Commuters have been warned of major disruption across Scotland’s rail network on Wednesday following the first of three one-day strikes.
On Tuesday, Network Rail members of the Rail, Maritime and Transport (RMT) union began industrial action, which will continue on Thursday and Saturday of this week.
The action saw nine in ten ScotRail services cancelled, with trains operating on just five lines between 7.30am and 6.30pm.
However the strike action is also set to impact services on Wednesday due to a delay to the start of services, as signallers and control room staff did not work overnight shifts.
As a result, some services may not be able to return to normal until Wednesday afternoon.
ScotRail said that while large signalling centres at Yoker, west of Scotland and Edinburgh will be able to operate from 7.15am, this will not be the case at manual boxes elsewhere.
Routes outside of the central belt are likely to be most affected, with services between Dundee and Aberdeen and Dundee and Glasgow set to only have one train running on Wednesday.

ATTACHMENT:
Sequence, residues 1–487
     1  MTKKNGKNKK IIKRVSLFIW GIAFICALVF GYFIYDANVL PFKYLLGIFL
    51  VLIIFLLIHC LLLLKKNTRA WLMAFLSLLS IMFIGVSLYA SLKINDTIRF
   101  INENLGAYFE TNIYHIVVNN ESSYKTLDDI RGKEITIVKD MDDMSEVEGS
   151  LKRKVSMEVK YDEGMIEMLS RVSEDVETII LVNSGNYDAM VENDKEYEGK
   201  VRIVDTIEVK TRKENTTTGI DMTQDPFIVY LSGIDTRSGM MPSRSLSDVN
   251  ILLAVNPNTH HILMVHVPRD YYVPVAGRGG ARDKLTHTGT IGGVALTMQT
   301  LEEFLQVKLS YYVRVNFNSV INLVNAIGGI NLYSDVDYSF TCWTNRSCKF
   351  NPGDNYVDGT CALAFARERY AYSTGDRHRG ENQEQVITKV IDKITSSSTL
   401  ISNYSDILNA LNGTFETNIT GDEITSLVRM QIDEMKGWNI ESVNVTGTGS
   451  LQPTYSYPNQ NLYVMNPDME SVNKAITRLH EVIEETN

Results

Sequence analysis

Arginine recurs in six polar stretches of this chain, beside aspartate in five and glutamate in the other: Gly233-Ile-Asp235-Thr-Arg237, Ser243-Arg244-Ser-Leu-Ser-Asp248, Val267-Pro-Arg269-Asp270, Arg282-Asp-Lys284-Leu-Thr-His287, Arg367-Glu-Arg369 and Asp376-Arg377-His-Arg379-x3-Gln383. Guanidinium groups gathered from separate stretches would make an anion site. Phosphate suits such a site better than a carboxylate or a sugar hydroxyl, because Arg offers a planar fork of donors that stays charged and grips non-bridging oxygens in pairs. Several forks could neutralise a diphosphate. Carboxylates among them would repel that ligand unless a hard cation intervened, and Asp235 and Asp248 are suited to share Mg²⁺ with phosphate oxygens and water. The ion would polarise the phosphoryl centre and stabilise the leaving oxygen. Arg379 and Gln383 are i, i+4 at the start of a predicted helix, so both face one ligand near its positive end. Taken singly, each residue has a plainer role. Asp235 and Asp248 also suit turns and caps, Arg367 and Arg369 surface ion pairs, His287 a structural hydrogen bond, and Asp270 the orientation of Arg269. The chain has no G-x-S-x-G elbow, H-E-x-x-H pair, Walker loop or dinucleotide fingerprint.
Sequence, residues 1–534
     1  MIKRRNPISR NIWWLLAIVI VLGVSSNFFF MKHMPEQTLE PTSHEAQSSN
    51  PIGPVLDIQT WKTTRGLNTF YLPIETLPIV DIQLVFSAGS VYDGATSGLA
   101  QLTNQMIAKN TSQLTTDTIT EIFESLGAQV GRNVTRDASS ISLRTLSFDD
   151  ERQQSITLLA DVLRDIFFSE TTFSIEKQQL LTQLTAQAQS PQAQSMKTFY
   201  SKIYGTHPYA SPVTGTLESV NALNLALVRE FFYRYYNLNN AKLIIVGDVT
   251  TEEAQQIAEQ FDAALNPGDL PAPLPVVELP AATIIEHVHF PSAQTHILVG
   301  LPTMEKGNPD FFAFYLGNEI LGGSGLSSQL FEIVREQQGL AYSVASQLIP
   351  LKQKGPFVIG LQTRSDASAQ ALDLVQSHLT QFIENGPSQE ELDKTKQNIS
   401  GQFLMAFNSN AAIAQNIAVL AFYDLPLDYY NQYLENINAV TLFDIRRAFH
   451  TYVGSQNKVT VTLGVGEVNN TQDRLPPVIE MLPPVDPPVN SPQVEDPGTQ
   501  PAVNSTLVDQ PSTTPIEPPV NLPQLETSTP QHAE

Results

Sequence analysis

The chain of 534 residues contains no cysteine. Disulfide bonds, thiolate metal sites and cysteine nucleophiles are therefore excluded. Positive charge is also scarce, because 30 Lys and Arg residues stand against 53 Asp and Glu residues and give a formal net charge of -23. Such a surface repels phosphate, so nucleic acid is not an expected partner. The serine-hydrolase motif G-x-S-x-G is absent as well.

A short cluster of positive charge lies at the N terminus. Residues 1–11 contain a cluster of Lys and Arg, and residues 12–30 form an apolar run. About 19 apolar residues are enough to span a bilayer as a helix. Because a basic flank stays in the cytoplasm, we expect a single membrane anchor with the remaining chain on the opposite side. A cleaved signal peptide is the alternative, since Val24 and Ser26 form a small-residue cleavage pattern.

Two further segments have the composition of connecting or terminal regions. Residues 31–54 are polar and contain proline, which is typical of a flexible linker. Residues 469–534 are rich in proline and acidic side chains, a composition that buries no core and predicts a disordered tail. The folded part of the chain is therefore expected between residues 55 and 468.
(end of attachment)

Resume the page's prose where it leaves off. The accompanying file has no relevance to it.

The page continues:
Inverness to Glasgow will see just three services running in the afternoon, while Glasgow to Perth and Stirling services will have just one train each running in the evening.
ScotRail has advised passengers wishing to travel on Wednesday and Friday to look on its website for updated timetables as services will be more reduced than normal.
Some 40,000 members of the RMT union and 13 train operators walked out on Tuesday in a bitter dispute over pay, jobs and conditions.
Much of Britain had no passenger trains for the entire day, including most of Scotland and Wales and parts of England including the whole of Cornwall and Dorset.
Just a fifth of trains across the UK ran on the first strike day, and half of all lines were closed, with more cancellations and delays expected to continue this week.
Many passengers’ journeys took several hours longer than normal while those who chose to travel by car instead were met with large traffic queues.
Gordon Martin, RMT regional organiser for Scotland, said the strike is the last resort for members and said they were looking for a “meaningful offer” to resolve the dispute.
Nick King, a spokesman for Network Rail in Scotland, said a modernised railway could improve its pay offer for staff by passing on savings.
He told Good Morning Scotland the strike could be resolved if the union moved its position on working practices and any reduction in staff would take place on a voluntary basis.